“Splat!”

Designed by senior art major Rachel Renee Stewart, “Splat!” begins with a picture of Pittsburgh from a driver’s perspective. Stewart used Photoshop to place a butterfly in the center and printed 10 copies of the image. Using vivid reds, yellows, and greens, which provided bright contrast to the rest of the picture, she flung paint at each print to signify the butterfly’s death collision. “The first one I did turned out to be the one I liked best, but I had to try it nine more times to be sure,” Stewart explained. “I then scanned the completed piece to make a large digital image to send to Lamar.”

“Splat!” was inspired by the audience Stewart anticipated for her billboard. She geared her visual piece towards an experience that all drivers could relate to, particularly as they were speeding by in their cars. “I wanted to make them aware of the effect this everyday mode of transportation has on their senses,” said Stewart. “I focused on the windshield as a barrier... When something from the outside hits the windshield, two opposites [collide].”

“Drawing of Pittsburgh”

An exciting, sloppy, and loving rendering of Pittsburgh, “Drawing of Pittsburgh” only took Levy about 20 minutes to draw. However, his deliberation process regarding approach and content took about a month. Levy also created an alternate draft of his image, which took him about six hours to complete. “I decided afterward that the more time-consuming image was dead,” said Levy. “I want people to be conscious of the place they are in — Pittsburgh. I also want them to think about how simple drawings, ones they could complete, are just as interesting as polished art and advertisements.”

For “Drawing of Pittsburgh,” Levy searched for images of Pittsburgh online and in Hunt Library. He selected an image, traced it with a Sharpie marker, and then scanned it. Levy used Adobe Illustrator to create a vector-based version of his drawing, which magnified the image while retaining the clarity and sharpness of his picture.

“Activating Art”

The product of Blake Unger Dvorchik, a senior art major, “Activating Art” is a simple photograph of bare wooden planks. The planks mimic those on actual billboards, which lay underneath the layers of advertisements. “There were multiple incarnations, three of them, [and] each one only took about two or three hours,” said Unger. “I wanted to keep it simple and clean; my billboard was a straight photograph with minimal color correction in Photoshop.”

A single Post-It note is placed on the right side of the piece. When asked what he wanted to achieve, Unger responded, “In this case, interest — or, failing that, confusion at seeing something different on a billboard.”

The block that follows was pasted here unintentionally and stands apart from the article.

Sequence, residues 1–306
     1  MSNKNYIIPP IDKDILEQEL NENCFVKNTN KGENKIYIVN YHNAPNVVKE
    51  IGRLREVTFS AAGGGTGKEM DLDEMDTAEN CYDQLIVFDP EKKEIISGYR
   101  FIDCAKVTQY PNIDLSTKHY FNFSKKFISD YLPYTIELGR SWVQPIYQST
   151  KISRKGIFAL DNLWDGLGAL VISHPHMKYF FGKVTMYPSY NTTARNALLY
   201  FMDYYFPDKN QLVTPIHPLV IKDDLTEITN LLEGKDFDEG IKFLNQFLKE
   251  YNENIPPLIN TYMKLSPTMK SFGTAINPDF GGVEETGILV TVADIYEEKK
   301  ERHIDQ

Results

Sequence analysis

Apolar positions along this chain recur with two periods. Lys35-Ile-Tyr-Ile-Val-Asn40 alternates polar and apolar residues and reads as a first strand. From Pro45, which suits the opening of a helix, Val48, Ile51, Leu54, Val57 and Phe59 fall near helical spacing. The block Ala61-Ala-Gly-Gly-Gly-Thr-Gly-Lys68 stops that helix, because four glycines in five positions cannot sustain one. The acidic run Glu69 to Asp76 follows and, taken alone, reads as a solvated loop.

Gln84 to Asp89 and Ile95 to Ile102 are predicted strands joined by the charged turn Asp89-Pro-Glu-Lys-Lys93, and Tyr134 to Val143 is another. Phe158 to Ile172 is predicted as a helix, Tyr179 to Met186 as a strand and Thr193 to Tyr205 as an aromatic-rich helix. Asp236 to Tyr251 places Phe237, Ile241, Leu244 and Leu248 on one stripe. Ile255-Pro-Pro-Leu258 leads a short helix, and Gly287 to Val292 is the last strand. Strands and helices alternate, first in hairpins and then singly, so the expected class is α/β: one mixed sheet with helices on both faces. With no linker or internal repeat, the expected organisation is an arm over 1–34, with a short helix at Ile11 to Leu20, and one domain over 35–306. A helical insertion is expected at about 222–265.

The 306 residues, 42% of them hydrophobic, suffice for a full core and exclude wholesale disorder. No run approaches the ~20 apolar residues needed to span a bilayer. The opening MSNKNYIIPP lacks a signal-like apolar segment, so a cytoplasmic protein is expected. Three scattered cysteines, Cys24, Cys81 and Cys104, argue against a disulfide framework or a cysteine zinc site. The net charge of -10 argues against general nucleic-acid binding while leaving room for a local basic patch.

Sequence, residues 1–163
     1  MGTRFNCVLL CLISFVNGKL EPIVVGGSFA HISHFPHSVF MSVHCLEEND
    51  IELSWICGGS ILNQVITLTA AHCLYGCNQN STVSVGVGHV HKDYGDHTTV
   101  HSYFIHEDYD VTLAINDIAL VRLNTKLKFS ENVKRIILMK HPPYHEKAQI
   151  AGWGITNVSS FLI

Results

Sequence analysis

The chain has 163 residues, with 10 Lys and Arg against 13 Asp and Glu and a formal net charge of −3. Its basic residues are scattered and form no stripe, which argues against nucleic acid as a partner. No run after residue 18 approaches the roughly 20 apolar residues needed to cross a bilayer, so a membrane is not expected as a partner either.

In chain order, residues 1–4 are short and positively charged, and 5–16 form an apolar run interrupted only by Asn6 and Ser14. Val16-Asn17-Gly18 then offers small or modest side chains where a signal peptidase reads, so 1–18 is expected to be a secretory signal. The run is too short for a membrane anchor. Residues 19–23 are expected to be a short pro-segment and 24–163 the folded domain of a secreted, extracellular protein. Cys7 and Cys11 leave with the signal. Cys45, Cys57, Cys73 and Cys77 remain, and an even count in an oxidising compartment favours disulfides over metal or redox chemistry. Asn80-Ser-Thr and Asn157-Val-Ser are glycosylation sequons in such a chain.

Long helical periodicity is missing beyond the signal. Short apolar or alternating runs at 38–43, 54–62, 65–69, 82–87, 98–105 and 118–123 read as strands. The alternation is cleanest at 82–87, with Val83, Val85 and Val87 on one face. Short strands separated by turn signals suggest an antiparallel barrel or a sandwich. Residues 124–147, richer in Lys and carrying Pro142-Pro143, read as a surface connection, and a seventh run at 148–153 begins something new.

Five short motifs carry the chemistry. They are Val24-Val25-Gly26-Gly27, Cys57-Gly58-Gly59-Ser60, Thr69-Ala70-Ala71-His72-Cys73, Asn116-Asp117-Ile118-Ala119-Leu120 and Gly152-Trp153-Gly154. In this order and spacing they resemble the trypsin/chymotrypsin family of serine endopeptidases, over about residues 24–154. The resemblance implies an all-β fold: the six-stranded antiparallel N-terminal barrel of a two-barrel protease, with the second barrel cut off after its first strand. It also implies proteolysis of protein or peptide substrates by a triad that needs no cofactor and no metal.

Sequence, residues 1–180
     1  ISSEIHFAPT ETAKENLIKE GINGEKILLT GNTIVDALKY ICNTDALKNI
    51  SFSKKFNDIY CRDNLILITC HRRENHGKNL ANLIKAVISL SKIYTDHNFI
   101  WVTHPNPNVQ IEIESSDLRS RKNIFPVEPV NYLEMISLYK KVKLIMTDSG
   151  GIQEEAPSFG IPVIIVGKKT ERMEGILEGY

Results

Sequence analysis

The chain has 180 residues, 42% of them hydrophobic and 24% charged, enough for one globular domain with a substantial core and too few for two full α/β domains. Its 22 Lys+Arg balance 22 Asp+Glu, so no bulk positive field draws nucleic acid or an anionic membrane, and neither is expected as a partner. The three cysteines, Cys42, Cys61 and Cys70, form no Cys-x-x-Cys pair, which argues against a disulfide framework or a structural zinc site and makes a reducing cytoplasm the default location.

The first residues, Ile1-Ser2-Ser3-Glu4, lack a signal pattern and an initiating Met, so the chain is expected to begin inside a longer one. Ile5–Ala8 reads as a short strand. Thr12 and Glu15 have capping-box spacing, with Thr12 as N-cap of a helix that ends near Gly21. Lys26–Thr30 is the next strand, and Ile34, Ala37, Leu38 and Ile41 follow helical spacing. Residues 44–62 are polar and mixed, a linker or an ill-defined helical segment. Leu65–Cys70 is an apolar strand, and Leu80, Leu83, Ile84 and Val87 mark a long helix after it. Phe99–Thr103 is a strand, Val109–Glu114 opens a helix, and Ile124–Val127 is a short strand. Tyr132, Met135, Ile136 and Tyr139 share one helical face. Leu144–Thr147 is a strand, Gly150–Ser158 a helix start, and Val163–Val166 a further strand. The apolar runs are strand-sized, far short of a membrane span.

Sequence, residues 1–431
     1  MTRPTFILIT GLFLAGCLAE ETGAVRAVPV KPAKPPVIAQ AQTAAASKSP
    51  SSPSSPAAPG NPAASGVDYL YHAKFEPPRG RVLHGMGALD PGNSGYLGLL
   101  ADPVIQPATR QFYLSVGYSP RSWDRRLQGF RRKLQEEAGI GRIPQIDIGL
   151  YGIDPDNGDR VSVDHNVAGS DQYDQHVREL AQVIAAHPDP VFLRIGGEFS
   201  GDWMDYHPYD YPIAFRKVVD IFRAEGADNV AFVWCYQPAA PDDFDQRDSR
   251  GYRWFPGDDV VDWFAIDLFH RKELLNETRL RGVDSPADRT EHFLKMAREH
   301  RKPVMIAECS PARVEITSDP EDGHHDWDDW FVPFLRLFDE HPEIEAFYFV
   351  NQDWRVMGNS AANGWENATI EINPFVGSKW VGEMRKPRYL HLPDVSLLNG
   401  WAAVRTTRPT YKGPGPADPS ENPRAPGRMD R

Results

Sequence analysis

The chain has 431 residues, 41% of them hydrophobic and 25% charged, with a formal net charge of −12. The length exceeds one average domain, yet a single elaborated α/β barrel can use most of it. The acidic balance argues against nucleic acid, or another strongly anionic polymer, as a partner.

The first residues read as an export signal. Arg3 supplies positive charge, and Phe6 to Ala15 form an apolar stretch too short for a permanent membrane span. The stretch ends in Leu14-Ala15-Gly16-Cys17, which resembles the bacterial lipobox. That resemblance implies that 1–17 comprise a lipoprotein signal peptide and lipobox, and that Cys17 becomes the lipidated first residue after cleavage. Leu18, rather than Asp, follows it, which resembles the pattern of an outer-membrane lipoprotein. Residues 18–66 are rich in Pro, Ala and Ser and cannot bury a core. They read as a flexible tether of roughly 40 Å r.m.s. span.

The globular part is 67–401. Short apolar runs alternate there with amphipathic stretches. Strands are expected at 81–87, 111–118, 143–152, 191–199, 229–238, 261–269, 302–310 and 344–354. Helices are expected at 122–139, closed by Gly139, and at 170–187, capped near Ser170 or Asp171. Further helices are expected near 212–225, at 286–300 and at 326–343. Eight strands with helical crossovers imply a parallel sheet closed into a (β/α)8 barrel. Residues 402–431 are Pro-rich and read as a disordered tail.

“Snowballs from the Freezer”

This piece was a group effort made by the Making Mass Media class, whose goal was to remind viewers of joie de vivre, the joy of life. Following a more traditional style, this final billboard went for a look that was more developed and slick. The effort was cleverly directed toward a working world through the juxtaposition of two things not usually found together: playgrounds and businessmen. In preparation, members of the class traveled to Salvation Army thrift stores in search of business suits. They then went to Schenley Park and took pictures of each other playing on the playground. “A lot of work went into presenting the spontaneity,” Levy joked.

In terms of process, “Snowballs from the Freezer” was probably the most elaborate product. The students chose 14 pictures out of the original 125 shot at the playground, and then edited those photos around the playground setting. The photos were then merged into a shot of the playground, and the students selected the typography for the phrase “Snowballs from the Freezer.”

The billboard designs all share the same core idea, which can be encapsulated in a single word: independence. Each was intended to stand as a single, cohesive piece, independent of a specifically targeted demographic.

The students strove to give people something to think about — friendly ideas to accompany drivers on the highways. For the students themselves, the experience will be something a little different. “Presenting work in a public space is tremendous. From the raw experience of seeing something you made presented in a form that is literally as big as a house, to the exposure of having your work viewed by tens of thousands who might never otherwise see what you make,” said Sperandio, “this will be a transformative experience for all involved.”